Air Force Seeks to Close Georgia Air Training Center | Military.com

Dozens of fighter jets from across the country gathered at a center on the Georgian coast this month for “Sentry Savannah,” the Air National Guard’s largest air combat training exercise.

At least 48 fighter jets took control of the runways at the Air Dominance Center, located at the Savannah Air National Guard Base, in an example of how Air Force planes, de the Navy and Marine Corps on active duty, as well as reserve units, use the space.

But President Joe Biden’s 2023 budget proposal cuts funding for the center, which could put 120 jobs at stake; rendering unnecessary a recent $25 million military construction project for a new hangar; and eventually closing one of the largest regional facilities for air combat exercises in the reserve.

Read more : Air Force to end program that allowed some Airmen to choose their next duty station

In response to possible budget cuts, a bipartisan group from the Georgian delegation in Washington wrote lawmakers late last month calling for $11.5 million in funding to be added for the Air Dominance Center, citing heightened tensions in Europe and Asia as reasons to keep the training institute alive.

“With Russia’s military aggression in Europe and China’s increased engagement in Asia and the Pacific threatening our allies and partners, we cannot compromise the combat readiness of our military,” the lawmakers wrote.

Georgia Democratic senses Jon Ossoff and Raphael Warnock, Republican Representatives Earl “Buddy” Carter and Austin Scott, and Democratic Representative Sanford Bishop signed the letter.

Their request asks for $3.45 million for air operations, $1.2 million for mission support, $350,000 for base support and $6.5 million for National Guard personnel. Aerial.

“As members of Congress, we recognize that budgets have limits and that tough decisions must be made to protect our nation’s bottom line,” the lawmakers wrote. “But our military’s ability to conduct realistic, live training sets us apart from our adversaries.”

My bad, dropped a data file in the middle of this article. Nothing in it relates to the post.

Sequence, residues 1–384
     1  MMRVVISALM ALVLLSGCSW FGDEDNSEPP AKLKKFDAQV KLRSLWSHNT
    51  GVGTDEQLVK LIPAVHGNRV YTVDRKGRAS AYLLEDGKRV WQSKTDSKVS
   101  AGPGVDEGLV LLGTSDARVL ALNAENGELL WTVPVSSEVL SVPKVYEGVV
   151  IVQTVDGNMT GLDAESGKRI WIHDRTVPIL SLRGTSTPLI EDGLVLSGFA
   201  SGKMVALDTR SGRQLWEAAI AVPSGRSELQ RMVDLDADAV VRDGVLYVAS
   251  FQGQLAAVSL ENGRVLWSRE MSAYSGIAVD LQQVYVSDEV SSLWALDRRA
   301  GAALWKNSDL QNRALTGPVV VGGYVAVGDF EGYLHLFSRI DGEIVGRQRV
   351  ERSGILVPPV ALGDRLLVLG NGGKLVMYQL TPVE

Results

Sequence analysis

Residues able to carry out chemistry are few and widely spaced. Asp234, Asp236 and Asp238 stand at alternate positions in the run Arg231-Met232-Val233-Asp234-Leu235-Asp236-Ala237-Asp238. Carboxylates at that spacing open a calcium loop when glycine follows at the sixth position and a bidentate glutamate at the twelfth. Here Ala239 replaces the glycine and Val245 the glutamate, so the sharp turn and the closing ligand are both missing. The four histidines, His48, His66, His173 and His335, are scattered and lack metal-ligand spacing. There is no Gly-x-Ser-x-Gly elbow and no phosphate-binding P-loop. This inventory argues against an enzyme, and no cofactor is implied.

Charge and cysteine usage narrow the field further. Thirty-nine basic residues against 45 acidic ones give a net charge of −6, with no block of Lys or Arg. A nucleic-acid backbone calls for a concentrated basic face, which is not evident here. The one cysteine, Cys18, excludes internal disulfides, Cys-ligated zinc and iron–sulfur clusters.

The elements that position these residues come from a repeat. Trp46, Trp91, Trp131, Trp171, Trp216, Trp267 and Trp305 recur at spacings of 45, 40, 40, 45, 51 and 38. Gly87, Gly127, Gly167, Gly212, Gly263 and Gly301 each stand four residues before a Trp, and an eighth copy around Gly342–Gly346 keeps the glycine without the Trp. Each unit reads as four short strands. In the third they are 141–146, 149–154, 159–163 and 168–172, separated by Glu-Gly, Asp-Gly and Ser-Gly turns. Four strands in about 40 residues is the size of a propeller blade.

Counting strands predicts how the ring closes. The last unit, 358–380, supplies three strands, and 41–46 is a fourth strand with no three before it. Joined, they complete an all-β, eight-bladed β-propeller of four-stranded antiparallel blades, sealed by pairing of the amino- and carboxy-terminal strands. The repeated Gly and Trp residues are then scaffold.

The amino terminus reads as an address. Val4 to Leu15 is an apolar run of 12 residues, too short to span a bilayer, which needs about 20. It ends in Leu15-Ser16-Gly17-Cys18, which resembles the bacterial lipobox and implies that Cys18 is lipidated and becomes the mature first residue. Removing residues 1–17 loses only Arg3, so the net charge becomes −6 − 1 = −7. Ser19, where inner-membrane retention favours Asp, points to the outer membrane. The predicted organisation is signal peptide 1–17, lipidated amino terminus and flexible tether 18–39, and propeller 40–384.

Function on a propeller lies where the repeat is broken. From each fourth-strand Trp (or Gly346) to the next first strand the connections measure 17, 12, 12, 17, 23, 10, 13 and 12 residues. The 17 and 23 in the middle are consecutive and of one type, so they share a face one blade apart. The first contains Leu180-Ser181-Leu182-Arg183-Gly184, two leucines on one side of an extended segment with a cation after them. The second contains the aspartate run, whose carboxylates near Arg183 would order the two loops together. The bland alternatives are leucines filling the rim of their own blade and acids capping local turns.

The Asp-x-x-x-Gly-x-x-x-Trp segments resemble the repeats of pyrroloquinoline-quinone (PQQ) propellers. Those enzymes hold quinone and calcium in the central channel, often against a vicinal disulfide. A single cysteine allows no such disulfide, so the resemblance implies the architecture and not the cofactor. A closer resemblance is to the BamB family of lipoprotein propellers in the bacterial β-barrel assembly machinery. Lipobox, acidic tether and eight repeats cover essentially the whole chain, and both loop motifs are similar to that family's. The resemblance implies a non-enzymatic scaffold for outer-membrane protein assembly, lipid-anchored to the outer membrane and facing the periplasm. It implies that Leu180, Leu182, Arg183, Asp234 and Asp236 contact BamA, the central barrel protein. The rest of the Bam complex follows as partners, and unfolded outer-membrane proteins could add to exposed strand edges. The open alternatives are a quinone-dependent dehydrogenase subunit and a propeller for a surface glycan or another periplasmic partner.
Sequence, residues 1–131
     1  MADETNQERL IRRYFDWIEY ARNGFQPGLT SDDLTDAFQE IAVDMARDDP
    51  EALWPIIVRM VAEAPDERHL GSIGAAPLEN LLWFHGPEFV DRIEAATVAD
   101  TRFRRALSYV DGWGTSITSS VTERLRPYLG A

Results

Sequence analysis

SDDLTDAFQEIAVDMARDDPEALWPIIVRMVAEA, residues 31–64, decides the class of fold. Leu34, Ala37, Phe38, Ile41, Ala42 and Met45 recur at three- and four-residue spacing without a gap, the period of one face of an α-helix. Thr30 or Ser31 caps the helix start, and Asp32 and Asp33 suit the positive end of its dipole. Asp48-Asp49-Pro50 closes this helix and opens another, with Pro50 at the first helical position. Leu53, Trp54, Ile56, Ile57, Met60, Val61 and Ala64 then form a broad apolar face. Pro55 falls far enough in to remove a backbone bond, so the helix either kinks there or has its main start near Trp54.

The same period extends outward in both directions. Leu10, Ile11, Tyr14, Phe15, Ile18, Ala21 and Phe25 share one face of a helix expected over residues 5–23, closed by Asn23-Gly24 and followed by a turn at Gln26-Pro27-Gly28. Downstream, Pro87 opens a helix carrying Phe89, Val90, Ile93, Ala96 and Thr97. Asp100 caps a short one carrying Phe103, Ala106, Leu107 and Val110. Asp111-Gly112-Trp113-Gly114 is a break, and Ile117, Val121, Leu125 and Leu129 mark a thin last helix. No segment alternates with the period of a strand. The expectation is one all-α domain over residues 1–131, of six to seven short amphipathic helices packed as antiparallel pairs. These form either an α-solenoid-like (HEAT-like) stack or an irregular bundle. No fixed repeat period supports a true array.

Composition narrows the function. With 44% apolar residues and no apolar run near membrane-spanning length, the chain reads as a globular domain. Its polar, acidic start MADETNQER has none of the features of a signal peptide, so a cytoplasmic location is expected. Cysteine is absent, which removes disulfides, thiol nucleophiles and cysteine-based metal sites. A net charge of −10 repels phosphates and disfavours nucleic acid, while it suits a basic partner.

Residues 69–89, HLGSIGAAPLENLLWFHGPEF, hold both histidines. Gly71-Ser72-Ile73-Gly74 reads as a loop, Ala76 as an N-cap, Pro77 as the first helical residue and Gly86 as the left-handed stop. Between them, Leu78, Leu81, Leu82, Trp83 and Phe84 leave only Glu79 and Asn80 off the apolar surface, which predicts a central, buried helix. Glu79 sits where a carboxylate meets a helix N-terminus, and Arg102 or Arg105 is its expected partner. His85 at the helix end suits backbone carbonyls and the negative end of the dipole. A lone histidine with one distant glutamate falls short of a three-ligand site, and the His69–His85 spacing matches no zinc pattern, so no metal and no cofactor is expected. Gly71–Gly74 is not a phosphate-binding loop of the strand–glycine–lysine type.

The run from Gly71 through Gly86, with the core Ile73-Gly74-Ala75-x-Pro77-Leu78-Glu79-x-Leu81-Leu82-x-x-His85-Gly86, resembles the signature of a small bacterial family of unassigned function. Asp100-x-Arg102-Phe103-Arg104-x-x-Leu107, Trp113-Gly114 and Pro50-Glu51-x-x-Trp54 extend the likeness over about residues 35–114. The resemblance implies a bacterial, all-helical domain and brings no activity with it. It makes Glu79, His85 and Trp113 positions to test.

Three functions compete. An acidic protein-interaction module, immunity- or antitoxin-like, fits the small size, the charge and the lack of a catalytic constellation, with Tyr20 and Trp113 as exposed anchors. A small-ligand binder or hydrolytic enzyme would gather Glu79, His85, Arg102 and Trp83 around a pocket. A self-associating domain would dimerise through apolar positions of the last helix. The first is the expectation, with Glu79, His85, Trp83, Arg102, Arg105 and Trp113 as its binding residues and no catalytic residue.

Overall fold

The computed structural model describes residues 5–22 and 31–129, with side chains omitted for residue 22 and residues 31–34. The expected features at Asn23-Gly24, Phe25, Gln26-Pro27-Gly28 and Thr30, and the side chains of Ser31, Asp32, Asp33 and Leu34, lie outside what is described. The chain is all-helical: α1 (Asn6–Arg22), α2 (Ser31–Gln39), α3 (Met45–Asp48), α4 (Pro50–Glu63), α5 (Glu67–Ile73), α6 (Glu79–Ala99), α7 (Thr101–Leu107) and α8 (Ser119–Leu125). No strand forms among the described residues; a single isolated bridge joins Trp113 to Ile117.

Jared Downs, vice president of government affairs for the Savannah Chamber of Commerce, which lobbies for financial support for the city’s military community, said the $11.5 million is less than half of what Congress has already approved for an all-new hangar to house the F-35 Lightning. II and F-22 Raptor fighter jets.

“If they close the Air Dominance Center, it will cost $25 million,” Downs told Military.com. He said the project should be completed by September.

The Air National Guard has three other similar training centers. One is near Gulfport, Mississippi; the other two are in Alpena, Michigan, and Camp Douglas, Wisconsin.

Lawmakers say the Savannah training center is more modern and can accommodate more training events than the other three. Each year, it hosts about 2,000 training missions and 6,000 personnel for various exercises, according to the city’s chamber of commerce.

Lawmakers also argue it saves money because the Air Dominance Training Center shares facilities with the 165th Airlift Wing, an Air National Guard unit based at Savannah/Hilton Head International Airport.

“It provides unprecedented opportunities for peer-to-peer air combat training, regional training conferences, classified engagements and regional operations support,” the lawmakers wrote.

The 2023 budget request has not yet been finalized. But the Air Force is planning other cuts that could affect the National Guard, including the retirement of about 269 planes and aircraft.

Nearly two dozen Indiana Air National Guard A-10 Thunderbolts would be retired, and the 122nd Fighter Wing would bring in new F-16 Fighting Falcons, which it flew a decade before it received the Thunderbolt.

— Thomas Novelly can be reached at [email protected]. Follow him on Twitter @TomNovelly.

Related: Indiana’s Guard swapped its F-16s for A-10s a decade ago. Now the Air Force wants to get the F-16s back.

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